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Criminals welcome, but not long-term unemployed

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HC Online | 23 Oct 2012, 12:00 AM Agree 0
Would you rather hire someone with a criminal record, or a history of unemployment? It seems the latter scares HR more.
  • Dan | 23 Oct 2012, 03:27 PM Agree 0
    If your process allows the employment of a candidate who has spent time in jail, it typically indicates that the candidate's convicted fellony would not impact their ability to perform the role for which they are applying, thus likely are a potential successful worker

    However, if your process allows those who have not been able to secure work for 2 years for no other reason than 'bad luck' then its likely they do not have the ability to perform the role, and you're making the correct decision.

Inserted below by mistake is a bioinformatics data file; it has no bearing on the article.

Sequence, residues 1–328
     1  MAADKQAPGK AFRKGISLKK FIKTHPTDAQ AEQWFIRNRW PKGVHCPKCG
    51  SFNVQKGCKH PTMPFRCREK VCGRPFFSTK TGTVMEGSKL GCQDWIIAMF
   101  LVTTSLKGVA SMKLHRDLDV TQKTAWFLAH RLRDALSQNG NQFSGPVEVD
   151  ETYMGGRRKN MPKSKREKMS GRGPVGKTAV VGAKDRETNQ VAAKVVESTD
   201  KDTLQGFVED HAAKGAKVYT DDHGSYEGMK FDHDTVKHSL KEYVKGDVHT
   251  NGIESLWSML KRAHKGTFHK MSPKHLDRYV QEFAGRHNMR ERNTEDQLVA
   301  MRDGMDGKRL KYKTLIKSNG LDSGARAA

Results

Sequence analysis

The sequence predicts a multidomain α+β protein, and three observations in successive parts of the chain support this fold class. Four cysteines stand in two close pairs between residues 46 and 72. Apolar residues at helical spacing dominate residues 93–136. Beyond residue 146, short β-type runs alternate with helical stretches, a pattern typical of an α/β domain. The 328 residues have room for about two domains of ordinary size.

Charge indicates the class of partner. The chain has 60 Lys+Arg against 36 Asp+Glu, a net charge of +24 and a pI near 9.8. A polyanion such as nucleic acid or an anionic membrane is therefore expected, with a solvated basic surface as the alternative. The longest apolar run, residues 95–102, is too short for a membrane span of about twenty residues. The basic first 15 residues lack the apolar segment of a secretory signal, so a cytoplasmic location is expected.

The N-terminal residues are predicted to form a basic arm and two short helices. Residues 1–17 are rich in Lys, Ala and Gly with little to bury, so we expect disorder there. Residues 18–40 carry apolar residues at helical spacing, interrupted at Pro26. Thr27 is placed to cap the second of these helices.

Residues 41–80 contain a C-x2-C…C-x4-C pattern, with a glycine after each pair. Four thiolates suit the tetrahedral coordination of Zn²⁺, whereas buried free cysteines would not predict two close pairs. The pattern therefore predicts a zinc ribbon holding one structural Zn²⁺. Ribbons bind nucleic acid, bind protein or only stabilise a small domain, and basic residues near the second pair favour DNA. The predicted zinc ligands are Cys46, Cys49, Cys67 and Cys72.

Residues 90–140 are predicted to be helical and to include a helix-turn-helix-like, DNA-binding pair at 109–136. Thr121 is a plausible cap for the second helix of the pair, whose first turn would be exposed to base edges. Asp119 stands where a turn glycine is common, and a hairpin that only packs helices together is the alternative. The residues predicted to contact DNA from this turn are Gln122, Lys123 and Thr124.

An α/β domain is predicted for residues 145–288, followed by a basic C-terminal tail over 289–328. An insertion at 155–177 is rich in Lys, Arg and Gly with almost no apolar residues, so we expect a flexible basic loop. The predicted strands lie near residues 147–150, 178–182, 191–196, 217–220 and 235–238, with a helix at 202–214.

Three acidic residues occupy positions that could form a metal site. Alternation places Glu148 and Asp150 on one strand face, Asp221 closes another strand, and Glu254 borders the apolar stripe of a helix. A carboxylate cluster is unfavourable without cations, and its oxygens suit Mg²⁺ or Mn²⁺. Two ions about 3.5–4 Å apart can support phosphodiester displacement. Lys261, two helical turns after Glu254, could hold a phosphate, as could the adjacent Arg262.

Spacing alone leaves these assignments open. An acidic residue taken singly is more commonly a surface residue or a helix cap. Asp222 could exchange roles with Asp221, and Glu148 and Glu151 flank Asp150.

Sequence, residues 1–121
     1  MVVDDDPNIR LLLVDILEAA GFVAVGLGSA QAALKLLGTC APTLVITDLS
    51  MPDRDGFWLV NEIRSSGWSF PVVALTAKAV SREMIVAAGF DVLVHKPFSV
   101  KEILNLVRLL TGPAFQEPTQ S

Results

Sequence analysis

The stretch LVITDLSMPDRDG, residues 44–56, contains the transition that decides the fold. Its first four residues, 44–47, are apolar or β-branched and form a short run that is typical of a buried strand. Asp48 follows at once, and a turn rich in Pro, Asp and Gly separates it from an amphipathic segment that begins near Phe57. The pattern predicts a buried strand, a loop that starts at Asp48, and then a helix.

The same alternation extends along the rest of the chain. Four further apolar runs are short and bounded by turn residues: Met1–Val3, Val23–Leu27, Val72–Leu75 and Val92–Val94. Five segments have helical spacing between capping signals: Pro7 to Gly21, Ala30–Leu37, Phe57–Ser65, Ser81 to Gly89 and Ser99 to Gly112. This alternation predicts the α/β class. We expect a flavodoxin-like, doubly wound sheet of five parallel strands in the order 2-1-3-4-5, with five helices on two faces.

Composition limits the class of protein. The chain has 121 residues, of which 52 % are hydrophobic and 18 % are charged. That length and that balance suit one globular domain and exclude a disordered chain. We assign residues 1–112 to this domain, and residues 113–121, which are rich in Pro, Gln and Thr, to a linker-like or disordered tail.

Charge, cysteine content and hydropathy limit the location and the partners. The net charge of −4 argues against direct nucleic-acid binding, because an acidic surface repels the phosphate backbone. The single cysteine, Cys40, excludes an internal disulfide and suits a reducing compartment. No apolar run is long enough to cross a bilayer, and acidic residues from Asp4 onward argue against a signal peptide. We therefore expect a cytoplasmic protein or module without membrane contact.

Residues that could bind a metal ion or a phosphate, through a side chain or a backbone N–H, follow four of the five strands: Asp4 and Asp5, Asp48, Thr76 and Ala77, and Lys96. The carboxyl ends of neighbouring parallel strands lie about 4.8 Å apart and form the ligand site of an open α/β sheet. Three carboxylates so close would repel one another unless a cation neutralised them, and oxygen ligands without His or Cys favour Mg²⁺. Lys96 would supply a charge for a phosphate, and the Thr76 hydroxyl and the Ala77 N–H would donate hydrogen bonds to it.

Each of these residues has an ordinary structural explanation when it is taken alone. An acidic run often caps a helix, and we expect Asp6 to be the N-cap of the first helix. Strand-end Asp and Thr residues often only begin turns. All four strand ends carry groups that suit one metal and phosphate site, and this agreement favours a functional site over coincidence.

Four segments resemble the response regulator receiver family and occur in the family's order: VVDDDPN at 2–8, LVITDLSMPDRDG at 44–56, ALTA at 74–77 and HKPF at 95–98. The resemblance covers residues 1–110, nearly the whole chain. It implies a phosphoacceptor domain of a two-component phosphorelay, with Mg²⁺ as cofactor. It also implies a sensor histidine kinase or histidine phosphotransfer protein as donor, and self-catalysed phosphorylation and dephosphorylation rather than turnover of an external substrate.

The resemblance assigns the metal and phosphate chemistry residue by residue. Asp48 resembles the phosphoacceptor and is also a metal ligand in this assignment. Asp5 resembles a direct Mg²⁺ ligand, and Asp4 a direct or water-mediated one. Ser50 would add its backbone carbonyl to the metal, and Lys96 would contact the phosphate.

Although this is almost using inductive logic, it still takes the sheen off the otherwise attractive title of the article =P
  • Max | 23 Oct 2012, 04:23 PM Agree 0
    Having been unemployed myself more than once over the lifetime of my career I'd like to think I'd be more inclined to hire someone with two years of unemployment.
  • QLDHR | 18 Apr 2013, 05:11 PM Agree 0
    It would come down to their merits in performing the inherent requirements of the role and of course, ensuring that the candidate who has spent time in jail doesn't have a conviction that would impact on their ability to perform in the role i.e. convicted of fraud, applying for a Finance position?

    The two factors should not come up as a determining factor in whether or not they can perform the role other than as stated above.
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